PDA

View Full Version : Determining maintenance levels???

devhuman
03-27-2002, 07:04 PM
How does one go about determining what their maintenance calorie intake is?

-t

syntekz
03-27-2002, 07:52 PM
Expirementation. It varies from person to person.

Blood&Iron
03-27-2002, 08:03 PM
Eat as you would normally for a week. Record everything you consume during this time period and add up all your calories. Divide this number by 7. Provided you neither gained nor lost weight you now have your maintenance calorie level.

03-27-2002, 09:10 PM
Harris - Benedict Equation for Total Daily Calorie Expenditure

Basal Energy Expenditure
For men:
66.5 + 13.75(weight in kg) + 5.003(height in cm) - 6.775 (age in yrs) = BEE

For women:
655.1 + 9.563(weight in kg) + 1.850(height in cm) - 4.676(age in years) = BEE

Your BEE is the number of Calories you need to consume in order to stay alive.

Active Energy Expenditure
multiplication modifier:
sedentary 1.15
somewhat active 1.3
moderately active 1.5
very active 1.7
extremely active 2.0

moderately active = working out 3-4 times week
very active = athletes in season
extremely active = distance runners training for competition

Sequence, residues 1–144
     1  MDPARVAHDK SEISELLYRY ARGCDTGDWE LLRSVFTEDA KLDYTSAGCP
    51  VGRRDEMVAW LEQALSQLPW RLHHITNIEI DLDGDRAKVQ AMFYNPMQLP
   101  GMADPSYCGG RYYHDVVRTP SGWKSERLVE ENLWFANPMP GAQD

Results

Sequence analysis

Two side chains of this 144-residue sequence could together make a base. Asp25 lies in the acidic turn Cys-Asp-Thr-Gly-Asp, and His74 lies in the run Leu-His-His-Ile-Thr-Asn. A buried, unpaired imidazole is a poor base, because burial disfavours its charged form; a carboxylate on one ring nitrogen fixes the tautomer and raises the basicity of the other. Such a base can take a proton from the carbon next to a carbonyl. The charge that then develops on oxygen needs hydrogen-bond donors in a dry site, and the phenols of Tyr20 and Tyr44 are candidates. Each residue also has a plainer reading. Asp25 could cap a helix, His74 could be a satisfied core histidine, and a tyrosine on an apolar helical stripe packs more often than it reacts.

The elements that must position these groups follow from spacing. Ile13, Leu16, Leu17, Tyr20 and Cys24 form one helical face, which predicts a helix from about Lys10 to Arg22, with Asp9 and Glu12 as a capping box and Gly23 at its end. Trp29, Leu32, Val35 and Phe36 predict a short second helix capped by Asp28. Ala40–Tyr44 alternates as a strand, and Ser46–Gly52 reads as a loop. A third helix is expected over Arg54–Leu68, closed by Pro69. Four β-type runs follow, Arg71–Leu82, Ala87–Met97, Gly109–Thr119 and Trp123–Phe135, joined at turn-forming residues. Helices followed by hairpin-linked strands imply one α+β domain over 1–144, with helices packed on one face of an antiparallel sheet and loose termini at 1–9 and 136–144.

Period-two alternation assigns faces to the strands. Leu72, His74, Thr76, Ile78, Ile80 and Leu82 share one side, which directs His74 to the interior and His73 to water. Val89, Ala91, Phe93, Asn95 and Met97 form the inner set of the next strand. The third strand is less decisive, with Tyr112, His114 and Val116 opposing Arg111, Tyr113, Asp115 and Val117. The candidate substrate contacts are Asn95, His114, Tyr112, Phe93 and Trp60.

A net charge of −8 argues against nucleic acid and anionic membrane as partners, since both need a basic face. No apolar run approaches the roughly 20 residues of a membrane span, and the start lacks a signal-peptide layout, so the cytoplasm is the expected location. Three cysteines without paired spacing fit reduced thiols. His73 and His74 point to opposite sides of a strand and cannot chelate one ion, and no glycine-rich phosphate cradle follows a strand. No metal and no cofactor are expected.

BEE x modifier = AEE
Your AEE is the number of Calories you need to consume each day to maintain your current weight.

If you want to lose weight: establish a 10% deficit.
AEE - .10(AEE) = Target Caloric Intake

You should consume 1g protein/lb bodyweight. Take your TCI and subtract the Calories from protein. Then from there you can play with your fat to carb ratio.

If you want to gain weight: establish a 15% caloric overload.
AEE + .15(AEE)
You should consume 1.5g protein/lb bodyweight. Take your TCI and subtract the Calories from protein. Now of this, at least 2/3 of the calories should be from carbs and no more than 1/3 should be from fat

Carbs = 4.2Cal/gram
Protein = 4.3Cal/gram
Fat = 9.2Cal/gram

This is how physicians determine what to give patients in a coma or that are recovering from surgery/injury. In those cases, the multiplication modifiers change somewhat, depending on the extent of the surgery/injury and whatnot. This be just what you're lookin for.

devhuman
03-30-2002, 06:47 PM
Thanks... That helps ;-)

-Tom